As the English writer G. I began to realize how silly and narrow our notion of exceptionalism is — this impulse to consider ourselves somehow immune to the forces that shape the rest of the world. The environment I grew up in, with its malls and freeways, its fantasies of heroic individualism, began to seem unnatural. I started to sense how much reality exists elsewhere in the world — not just in a theoretical sense, in books and movies, but with the full urgent weight of the real. And not just in Europe but on every other continent, all the time, forever.
I began to realize how much I still had to learn before I could pretend to understand anything. Some people get there themselves, or their communities help them. But I needed him, and I am eternally glad I was dragged that day to see him talk. Steves answered his front door slightly distracted.
I had come in the middle of his breakfast preparations. He was stirring a block of frozen orange juice into a pitcher of water. This was April , exactly 20 years after my first trip to Europe. I had come to see Steves in the most exotic place possible: his home. He lives just north of Seattle, in a town so rainy it has a free umbrella-share program.
There is nothing particularly exotic about the house itself. It has beige carpeting, professionally trimmed shrubs and a back deck with a hot tub. What was exotic was simply that Steves was there. He had just returned from his frenetic speaking tour of the United States and would be leaving almost immediately on his annual trip to Europe. For now, he was making breakfast: frozen blueberries, Kashi cereal, O. But of course, he could not. Steves is gone too much, yo-yoing between the misty forests of the Pacific Northwest and the sun-baked cathedrals of Europe. Every year, no matter what else is going on, Steves spends at least four months practicing the kind of travel he has preached for odd years: hauling his backpack up narrow staircases in cheap hotels, washing his clothes in sinks, improvising picnics.
He is now 63, and he could afford to retire many times over. Among his colleagues, Steves is a notorious workaholic. On long car rides, he sits in the back seat and types op-eds on his laptop. His relentless hands-on control of every aspect of his business is what has distinguished the Rick Steves brand. It is also, obviously, exhausting — if not for Steves, then at least for the people around him. He has two children, now grown, and for much of their childhoods, Steves was gone. He was building his company, changing the world. For very long stretches, his wife was forced to be a single mother.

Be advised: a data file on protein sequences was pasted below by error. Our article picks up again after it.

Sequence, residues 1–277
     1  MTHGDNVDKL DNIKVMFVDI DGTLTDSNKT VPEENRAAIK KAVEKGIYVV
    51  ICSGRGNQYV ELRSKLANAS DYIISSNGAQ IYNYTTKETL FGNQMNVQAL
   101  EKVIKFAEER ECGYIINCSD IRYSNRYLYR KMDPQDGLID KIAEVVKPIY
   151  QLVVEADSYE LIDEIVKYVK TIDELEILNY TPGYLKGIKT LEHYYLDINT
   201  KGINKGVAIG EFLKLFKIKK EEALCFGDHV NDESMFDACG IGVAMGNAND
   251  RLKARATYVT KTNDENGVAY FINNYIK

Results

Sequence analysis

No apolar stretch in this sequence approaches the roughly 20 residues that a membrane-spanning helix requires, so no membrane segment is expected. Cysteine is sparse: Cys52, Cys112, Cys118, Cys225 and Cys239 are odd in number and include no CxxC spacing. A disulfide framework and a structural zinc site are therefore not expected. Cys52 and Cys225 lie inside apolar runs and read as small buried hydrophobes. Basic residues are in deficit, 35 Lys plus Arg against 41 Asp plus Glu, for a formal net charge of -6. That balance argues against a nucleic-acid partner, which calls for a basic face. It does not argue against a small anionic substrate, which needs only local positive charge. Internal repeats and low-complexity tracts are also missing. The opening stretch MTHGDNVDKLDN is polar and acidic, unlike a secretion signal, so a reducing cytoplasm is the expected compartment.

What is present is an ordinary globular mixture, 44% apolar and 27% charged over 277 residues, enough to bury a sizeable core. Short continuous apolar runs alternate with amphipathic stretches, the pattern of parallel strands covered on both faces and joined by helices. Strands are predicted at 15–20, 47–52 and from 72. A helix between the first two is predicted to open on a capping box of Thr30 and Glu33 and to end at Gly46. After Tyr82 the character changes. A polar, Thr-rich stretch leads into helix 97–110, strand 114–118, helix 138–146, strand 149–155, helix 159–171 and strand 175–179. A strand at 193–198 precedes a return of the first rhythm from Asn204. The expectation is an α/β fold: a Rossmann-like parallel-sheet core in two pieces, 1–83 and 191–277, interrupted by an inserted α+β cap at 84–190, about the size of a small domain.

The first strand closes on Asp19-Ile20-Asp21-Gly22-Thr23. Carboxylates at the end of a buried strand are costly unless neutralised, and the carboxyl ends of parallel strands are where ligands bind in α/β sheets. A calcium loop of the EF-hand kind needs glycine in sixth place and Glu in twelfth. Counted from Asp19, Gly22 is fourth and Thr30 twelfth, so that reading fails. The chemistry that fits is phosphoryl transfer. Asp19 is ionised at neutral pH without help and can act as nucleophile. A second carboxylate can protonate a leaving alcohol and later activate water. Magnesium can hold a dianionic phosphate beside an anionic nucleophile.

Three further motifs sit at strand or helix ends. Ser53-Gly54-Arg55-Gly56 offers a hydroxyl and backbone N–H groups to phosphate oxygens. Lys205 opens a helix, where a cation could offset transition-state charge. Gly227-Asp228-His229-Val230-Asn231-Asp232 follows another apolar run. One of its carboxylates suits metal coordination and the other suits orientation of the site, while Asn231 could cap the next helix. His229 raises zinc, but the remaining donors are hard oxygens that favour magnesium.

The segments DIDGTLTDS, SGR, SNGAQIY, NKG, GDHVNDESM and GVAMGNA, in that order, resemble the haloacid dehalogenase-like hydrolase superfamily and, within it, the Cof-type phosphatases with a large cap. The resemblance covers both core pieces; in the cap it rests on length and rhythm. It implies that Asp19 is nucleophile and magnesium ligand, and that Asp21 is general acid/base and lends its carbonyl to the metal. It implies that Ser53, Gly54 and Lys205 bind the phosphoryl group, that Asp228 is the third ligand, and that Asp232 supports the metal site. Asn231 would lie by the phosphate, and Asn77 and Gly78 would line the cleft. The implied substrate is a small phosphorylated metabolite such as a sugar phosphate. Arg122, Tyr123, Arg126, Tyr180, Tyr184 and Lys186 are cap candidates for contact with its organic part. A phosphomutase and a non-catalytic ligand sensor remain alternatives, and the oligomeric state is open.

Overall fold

She and Steves divorced in after 25 years of marriage. Every summer, when the family joined Steves in Europe, his pace hardly slackened: They would cover major cities in 48 hours, blitzing through huge museums back to back. The kids complained so much, on one trip, that Steves finally snapped — if they were so miserable, he said, they could just go sit in the hotel room all day and play video games.
They remember this day as heaven. One year, while Steves was away, the children converted to Catholicism. His son, Andy Steves, eventually went into the family business: He now works as a tour guide and even published a European guidebook. Steves is fully aware that his obsessive work ethic is unusual. He admits that he has regrets. But he cannot make himself stop. He has the fervor of the true evangelist: The more people he meets, the more cities he visits, the more lives he might change. At one point, as we talked, he pulled out the itinerary for his coming trip — from Sicily to Iceland, with no down time whatsoever.
Just looking at it made him giddy. What would I do if I stayed home? Not much. Nothing I would remember. In his house, Steves offered up a little show and tell. He pointed out an antique silver cigarette lighter shaped like the Space Needle. He sat down at his baby grand piano and lost himself, for a few happy minutes, playing Scarlatti. He took me to a room filled with books and reached up to a very high shelf. When Steves was 13, he decided, for no apparent reason, to conduct a deep statistical analysis of the Billboard pop charts. The lines were multicolored and interwoven — it looked like the subway map of some fantastical foreign city.
You could see, at a glance, the rising and falling fortunes of the Beatles red and Creedence Clearwater Revival black and Elvis Presley dots and dashes. Steves kept this up for three years, taping together many pieces of graph paper, and in the end he summarized the data in an authoritative-looking table that he typed on the family typewriter. This is what was in that binder: a systematic breakdown of the most successful bands from to , as determined by the objective statistics of an analytical adolescent weirdo.